The issues surrounding teen suicides are very complex. Suicide is rare among the early youth and steadily grows as they go into their adolescence. According to the CDC (Centers for Disease Control and Prevention), the third-leading cause of death for those 15- to 24 years of age is suicide, surpassed only by homicide and accidents. It is the eighth leading cause of death for people all over the world.
Teens, male or female, are at risk of suicide, although boys are more likely to commit suicide than girls. Although this is a very tragic and shocking fact, there is a way for parents to prevent this from ever happening. Parents should be wary of depression, because they are almost always connected with thoughts of death.
Here is a list of warning signs that parents should look out for:
• Troubled romantic relationships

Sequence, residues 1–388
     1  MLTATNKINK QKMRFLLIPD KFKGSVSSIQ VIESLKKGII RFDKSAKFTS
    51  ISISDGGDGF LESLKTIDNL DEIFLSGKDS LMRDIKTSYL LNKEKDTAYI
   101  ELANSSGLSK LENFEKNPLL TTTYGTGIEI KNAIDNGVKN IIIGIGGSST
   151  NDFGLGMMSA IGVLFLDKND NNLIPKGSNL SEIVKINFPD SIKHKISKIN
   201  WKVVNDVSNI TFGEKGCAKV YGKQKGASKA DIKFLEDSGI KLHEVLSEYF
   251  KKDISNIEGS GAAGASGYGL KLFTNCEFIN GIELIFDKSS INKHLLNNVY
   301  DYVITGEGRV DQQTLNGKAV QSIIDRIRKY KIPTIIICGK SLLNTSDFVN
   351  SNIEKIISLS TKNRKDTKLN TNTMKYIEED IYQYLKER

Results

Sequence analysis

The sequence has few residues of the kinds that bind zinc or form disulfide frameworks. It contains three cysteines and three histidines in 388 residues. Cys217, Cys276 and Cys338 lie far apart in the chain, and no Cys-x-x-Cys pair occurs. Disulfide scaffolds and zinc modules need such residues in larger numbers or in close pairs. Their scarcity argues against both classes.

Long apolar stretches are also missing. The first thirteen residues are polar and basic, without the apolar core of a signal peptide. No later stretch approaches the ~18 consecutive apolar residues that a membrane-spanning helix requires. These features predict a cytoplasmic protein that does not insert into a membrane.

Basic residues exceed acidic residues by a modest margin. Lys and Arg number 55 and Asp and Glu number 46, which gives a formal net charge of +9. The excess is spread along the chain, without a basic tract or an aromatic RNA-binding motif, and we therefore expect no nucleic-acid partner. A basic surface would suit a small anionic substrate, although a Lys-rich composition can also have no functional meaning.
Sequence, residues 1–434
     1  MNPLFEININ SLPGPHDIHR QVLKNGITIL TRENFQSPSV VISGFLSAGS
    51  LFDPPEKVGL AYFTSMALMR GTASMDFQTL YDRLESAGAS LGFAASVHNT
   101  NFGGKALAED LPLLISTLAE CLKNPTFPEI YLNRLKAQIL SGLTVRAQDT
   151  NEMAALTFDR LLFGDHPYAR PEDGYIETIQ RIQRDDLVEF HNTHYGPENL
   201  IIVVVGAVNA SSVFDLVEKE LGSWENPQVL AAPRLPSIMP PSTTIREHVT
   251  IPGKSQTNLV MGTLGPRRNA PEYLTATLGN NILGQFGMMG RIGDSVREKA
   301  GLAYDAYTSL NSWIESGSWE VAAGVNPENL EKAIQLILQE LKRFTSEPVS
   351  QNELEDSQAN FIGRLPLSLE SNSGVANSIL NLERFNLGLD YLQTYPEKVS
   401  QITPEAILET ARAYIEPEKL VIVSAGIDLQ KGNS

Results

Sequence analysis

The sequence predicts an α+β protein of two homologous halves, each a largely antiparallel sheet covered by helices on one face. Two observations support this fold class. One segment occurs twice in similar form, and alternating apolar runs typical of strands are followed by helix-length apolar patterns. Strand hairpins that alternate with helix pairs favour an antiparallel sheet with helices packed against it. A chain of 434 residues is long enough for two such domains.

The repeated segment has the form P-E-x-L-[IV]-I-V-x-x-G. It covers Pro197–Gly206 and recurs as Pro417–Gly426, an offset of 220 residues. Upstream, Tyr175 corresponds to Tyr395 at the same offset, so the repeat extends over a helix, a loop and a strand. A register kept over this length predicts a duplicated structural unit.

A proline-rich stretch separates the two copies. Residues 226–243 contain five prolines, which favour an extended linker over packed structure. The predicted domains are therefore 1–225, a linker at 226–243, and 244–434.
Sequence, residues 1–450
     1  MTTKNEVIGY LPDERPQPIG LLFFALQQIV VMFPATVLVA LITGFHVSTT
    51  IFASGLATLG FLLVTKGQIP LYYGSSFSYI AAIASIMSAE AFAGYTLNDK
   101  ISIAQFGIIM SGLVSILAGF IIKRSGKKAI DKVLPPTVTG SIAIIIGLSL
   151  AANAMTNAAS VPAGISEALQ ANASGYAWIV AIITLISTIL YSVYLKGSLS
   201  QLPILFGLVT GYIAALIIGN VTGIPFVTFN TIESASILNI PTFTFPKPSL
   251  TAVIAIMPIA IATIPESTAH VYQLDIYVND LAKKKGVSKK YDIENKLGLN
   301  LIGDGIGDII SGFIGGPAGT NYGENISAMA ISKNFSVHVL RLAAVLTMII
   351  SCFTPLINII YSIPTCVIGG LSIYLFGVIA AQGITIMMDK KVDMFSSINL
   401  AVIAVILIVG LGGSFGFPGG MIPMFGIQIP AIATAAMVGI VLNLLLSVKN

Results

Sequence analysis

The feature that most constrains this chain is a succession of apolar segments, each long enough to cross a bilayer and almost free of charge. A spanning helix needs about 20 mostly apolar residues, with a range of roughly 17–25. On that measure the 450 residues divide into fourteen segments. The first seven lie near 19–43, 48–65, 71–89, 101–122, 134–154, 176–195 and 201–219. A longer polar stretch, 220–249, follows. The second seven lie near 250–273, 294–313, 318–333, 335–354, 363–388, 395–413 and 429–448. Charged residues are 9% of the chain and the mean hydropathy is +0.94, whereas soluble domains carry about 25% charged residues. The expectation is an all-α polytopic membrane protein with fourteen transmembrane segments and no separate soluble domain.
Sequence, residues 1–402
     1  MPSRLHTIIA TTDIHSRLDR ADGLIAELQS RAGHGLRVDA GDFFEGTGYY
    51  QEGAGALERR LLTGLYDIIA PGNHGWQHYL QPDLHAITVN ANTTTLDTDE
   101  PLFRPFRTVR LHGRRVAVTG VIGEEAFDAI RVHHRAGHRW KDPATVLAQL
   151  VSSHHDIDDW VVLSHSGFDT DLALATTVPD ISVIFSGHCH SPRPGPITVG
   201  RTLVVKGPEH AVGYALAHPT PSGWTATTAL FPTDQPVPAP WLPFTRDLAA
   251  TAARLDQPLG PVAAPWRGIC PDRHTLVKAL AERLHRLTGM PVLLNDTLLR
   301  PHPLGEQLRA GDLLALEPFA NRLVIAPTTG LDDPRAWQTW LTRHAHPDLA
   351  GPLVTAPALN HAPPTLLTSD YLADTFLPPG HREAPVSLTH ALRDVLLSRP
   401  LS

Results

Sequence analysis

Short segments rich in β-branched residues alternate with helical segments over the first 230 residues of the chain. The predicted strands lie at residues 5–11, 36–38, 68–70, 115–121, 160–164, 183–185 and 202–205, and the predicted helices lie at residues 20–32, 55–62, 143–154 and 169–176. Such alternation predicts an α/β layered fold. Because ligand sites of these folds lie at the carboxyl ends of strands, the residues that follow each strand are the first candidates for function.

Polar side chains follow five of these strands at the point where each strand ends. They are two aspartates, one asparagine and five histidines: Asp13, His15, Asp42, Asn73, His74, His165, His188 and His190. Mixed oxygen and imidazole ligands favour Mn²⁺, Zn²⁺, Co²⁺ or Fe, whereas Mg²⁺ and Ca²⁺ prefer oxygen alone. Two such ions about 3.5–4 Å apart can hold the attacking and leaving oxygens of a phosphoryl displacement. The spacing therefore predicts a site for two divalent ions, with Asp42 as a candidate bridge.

• Difficulty in maintaining relationships with others
• Lowered grades and output in school
• Rebellious and devious behavior
• Pulling away from friends and family members
• Drawing, writing or talking (even jokingly) about death
• Dramatic changes in personality
• Appearance change
• Sleep deprivation
• Alcohol or drug use
• Having a history of suicidal nature
If you notice that a teen is depressed, do not feel intimidated. Talk to him or her. Reassurance of love and trust is a powerful tool against the feeling of solitude and depression. Always remember to listen and to not judge. Never dismiss your teen’s concerns as something insignificant. If you suspect that your teen is suicidal, then you should seek professional help right away. Ask your doctor for treatment programs available. Suicidal thoughts or inclinations are a medical emergency and toodangerous to ignore.